1) Harav Gavriel Zinner shlit”a writes that sending a wedding invitation does not necessarily mean that you are inviting them to the wedding. Many times the invitation is used to inform others about the marriage that will be taking place. The proof of this, he writes, is the fact that one sends invitations to people outside of the country who will clearly not come to the wedding. In this scenario the invitation is more of a formality than an actual request of their presence (Netai Gavriel Nisuin page 90. See also Shulchan Haezer vol.2 Page 68 and Koveitz Ohalei Shem vol. 5 Page 32).

2) Harav Moshe Feinstein zt”l notes that while Tosafos writes that the excommunication (discussed in the Gemara) applies to weddings as well as circumcisions, the Rama only codifies this law in the laws of circumcisions. Therefore, writes Rav Moshe, the Rama maintains that this law does not apply to weddings (Igros Moshe O.C. 2:95). [It should be noted that Harav Moshe himself would do all that he could to attend every wedding that he was invited to, even if that meant attending numerous weddings in one night (Oral ruling of Harav David Feinstein shlit”a cited by the Sefer Shalmei Simcha page 312).] Harav Chaim Kanievsky shlit”a also rules that the ban only applies to circumcisions and not weddings (Sefer Yismach Lev 50).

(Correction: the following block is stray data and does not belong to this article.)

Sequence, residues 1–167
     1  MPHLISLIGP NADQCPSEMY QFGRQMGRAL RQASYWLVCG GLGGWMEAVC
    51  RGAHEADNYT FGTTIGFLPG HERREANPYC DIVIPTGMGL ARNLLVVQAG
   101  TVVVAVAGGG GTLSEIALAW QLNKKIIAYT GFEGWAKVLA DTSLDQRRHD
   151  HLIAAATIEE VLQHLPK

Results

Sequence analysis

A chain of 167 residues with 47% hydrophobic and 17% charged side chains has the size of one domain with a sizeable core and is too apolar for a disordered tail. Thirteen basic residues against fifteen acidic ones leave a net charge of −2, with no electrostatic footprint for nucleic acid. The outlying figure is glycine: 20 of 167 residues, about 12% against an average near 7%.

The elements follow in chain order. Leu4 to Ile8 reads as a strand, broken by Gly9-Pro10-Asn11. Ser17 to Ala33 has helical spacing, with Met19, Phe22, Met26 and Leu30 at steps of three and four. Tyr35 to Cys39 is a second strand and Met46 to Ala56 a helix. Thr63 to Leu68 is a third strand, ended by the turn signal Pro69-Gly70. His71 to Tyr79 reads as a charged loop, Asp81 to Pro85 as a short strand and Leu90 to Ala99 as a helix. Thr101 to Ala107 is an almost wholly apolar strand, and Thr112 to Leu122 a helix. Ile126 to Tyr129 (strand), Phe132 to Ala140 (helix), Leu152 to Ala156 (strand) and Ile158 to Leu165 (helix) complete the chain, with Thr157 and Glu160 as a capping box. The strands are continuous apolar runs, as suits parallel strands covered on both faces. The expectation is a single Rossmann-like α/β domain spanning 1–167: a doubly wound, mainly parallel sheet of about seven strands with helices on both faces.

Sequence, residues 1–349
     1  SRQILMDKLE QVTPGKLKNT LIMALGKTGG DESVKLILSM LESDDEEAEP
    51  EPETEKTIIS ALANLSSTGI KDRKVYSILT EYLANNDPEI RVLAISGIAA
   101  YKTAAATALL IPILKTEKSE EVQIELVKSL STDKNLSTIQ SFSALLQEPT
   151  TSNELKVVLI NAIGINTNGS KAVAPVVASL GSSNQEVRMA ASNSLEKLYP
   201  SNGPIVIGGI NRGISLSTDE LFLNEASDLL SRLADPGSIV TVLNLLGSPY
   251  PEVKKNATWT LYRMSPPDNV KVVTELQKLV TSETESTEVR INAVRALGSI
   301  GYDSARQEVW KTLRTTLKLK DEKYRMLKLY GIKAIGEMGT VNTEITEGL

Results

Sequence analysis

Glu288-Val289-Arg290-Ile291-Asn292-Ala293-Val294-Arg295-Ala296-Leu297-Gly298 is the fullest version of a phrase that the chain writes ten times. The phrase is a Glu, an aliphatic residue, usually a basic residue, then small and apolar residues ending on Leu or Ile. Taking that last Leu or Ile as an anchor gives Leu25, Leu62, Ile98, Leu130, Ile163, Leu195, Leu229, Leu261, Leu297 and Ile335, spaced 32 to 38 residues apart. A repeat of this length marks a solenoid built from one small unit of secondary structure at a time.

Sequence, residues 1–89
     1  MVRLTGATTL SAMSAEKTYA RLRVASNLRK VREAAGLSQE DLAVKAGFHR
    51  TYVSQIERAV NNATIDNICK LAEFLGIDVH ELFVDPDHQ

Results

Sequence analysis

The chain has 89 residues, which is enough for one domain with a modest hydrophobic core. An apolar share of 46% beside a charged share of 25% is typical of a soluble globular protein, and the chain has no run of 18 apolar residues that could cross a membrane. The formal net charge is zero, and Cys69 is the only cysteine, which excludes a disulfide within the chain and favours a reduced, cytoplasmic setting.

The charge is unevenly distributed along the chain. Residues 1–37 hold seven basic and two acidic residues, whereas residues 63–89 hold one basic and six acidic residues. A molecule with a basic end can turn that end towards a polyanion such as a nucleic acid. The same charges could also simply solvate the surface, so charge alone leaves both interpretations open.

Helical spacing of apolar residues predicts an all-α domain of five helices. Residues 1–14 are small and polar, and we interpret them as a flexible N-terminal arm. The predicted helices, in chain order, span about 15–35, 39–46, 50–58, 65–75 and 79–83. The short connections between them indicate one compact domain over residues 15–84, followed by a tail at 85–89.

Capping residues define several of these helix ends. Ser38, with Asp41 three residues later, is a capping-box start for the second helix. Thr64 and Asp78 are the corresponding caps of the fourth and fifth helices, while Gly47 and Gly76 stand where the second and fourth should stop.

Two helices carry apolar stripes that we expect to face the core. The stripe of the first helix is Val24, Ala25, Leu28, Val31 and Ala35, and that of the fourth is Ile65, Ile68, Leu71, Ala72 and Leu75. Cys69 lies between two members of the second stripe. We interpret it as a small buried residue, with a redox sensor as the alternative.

3) Harav Shlomo Zalman Auerbach zt”l maintains that if one is present at the chuppah he is required to remain at the wedding throughout the entire ceremony. One is not required to attend the wedding simply because he knows where and when a wedding will take place (Shalmei Simcha Ibid.). A similar notion is expressed by the Sefer Yismach Moshe (See Sefer Yismach Lev page 37).

4)Harav Moshe Shternbuch shlit”a writes that there is only a prohibition if one does not attend a wedding because he feels that he is too honorable to attend and that it would be beneath his dignity to remain at a wedding with people “beneath” his character. If one cannot attend the wedding for other legitimate reasons, there is no prohibition or ban (Teshuvos V’Hanahagos 2:649).

5) The Kaf Hacheim, citing the Sefer Yafeh Lelev, writes that one is only obligated to attend the circumcision meal if there is less than ten men in attendance. If there are more than ten men in attendance, one may skip the meal. The same can be applied to weddings and if more than ten men are in attendance, (which is always the case), one would be allowed to not attend the wedding (Kaf Hachaim 170:71).